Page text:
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Need large-scale action to protect Hindu Kush Himalaya from climate impact: Experts

IANS  |  Kathmandu 

Scientists, policymakers and experts have urged the countries in the Hindu Kush Himalaya (HKH) region to take action without further delay to protect the region from the increasing impact of climate change.

Stressing on the need for large-scale action, they said it is important for addressing the challenges and complexities of climate change in the HKH region.

"Failing to take resilient action immediately would only deepen poverty, joblessness, food insecurity and malnutrition," the experts warned here on Wednesday.

Mona Sherpa, Deputy Country Director, Helvetas Swiss Intercooperation, Nepal, said during the deliberations at an international conference here: "A number of steps such as strong coherence in policies, plans and actions, blending of technical and social solutions and a strong political will."

More than 400 experts from 26 countries are taking part in the conference "Resilient Hindu Kush Himalaya: Developing Solutions Towards a Sustainable Future for Asia".

She said large-scale action requires system-based thinking for bottom-up policymaking. The main mantra for sustainable large-scale action is building social capital and involving communities that address structural issues.

The HKH sources 10 major river systems in Asia that provide water, ecosystem services and livelihoods to more than 210 million people. The region holds and distributes water for more than 1.3 billion people living in the downstream river basins.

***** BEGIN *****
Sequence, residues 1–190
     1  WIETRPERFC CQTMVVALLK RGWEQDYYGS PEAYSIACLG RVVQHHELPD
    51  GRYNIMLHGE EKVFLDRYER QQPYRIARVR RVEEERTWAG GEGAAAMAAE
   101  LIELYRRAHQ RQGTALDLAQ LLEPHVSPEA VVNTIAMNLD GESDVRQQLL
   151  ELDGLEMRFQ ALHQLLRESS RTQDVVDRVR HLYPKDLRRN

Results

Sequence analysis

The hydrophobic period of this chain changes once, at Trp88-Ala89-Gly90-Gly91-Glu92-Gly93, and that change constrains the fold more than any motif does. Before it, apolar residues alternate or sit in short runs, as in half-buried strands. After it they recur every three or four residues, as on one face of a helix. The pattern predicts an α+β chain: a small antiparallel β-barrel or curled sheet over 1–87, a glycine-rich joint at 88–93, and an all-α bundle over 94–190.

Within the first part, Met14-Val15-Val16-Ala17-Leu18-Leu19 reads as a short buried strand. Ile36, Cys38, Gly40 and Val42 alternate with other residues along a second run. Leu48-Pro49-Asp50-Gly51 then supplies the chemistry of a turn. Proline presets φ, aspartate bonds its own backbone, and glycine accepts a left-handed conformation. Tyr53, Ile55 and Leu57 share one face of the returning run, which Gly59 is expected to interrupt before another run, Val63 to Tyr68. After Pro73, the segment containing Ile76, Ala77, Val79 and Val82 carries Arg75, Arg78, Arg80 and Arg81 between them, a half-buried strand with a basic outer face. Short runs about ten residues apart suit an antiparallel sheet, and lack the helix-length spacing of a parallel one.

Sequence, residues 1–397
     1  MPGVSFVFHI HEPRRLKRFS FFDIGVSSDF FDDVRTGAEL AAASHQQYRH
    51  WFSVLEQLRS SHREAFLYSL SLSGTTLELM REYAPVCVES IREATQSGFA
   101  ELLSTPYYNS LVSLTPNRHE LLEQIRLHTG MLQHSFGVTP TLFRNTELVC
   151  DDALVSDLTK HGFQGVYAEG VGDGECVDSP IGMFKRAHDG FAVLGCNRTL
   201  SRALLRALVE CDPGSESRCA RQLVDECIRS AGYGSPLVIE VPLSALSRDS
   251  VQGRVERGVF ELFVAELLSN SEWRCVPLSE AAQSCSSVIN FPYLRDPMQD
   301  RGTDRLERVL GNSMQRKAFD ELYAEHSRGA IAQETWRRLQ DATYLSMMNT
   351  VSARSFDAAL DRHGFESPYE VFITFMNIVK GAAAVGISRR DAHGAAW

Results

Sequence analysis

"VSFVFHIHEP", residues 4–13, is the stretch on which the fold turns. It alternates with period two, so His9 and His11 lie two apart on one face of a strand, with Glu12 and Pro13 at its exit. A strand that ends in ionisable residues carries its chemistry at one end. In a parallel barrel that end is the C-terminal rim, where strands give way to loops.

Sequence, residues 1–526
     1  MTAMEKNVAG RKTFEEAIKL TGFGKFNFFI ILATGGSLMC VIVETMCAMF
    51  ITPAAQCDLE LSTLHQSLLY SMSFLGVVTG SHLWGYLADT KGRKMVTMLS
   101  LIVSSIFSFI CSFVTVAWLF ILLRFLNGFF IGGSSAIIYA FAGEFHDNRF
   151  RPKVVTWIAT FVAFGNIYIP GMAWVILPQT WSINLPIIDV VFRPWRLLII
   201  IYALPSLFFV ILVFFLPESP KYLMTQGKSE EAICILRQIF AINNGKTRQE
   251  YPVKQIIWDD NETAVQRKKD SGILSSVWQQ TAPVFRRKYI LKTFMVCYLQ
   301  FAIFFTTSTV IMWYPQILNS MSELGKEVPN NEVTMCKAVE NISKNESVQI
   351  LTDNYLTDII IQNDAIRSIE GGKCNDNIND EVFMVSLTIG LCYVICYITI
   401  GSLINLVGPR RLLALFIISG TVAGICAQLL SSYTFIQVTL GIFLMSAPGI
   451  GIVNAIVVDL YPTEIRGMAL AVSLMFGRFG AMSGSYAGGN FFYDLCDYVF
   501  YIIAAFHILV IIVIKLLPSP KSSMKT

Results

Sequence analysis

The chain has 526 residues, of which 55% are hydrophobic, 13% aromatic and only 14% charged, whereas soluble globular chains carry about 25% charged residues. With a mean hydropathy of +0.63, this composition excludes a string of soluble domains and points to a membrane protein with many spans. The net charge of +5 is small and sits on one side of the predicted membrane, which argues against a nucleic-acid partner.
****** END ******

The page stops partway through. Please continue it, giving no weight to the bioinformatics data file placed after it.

Carolina Adler of the Mountain Research Institute said that resilient action is urgently needed to halt poverty from getting worse.

"Worsening impacts of climate change on lives and livelihoods of the mountain communities is adding more to the mountain poverty, food insecurity, malnutrition and outmigration.

"Policy-based resilient action must be taken without further ado to address these impacts of climate change on the people's lives and livelihoods," she told the participants of the "Ending Mountain Poverty session".

She also called for the need for wealth equalizing institutions and value-based approach in HKH region. Besides, mountain specificities must be addressed to lower the mountain poverty, build resilience and close income gaps between the plains and mountains.

Director of the Patna-based AN Sinha Institute of Social Studies (ANSISS), Sunil Roy, said while framing policy-based resilience action plans, people must be engaged in the process.

"The communities must be at the centrestage of the discourse on climate resilience for local communities are best placed to recognize the problems and propose appropriate decisions accordingly," Roy said.

He said that the formal and informal institutions in the HKH countries should be inclusive and promote participation of all stakeholders at local, regional and global levels.

Chief Policy Advisory for Natural Resource Management at the International Centre for Integrated Mountain Development (ICIMOD), Brij Rathore, said that active partnership of people in social and political fora is must for redefining and elaborating public policy and governance.

"The whole idea of political will relies on people's engagement, who actually suffer from the impact of climate change," Rathore said.

Another ICIMOD official recognized the unprecedented significance of data and information generation and its sharing among HKH regional countries.

Food Security scientist at the ICIMOD, Gholam Rasul, said that the relationship and interchange between upstream and downstream communities characterises much of the work that takes place in the HKH region.

Nearly all researchers agree that this relationship is of paramount importance to the HKH region and requires improved regional cooperation for a sustainable and productive future, he said, while addressing the participants of the session "Regional Cooperation in HKH".

"Water, energy and food security of people downstream would be affected if the Himalayan watershed is not managed sustainably keeping in view the relationship between upstream and downstream areas," said Rasul.

(Imran Khan is in Kathmandu at the invitation of the International Centre for Integrated Mountain Development - ICIMOD. He can be reached at



(This story has not been edited by Business Standard staff and is auto-generated from a syndicated feed.)

First Published: Wed, December 06 2017. 16:50 IST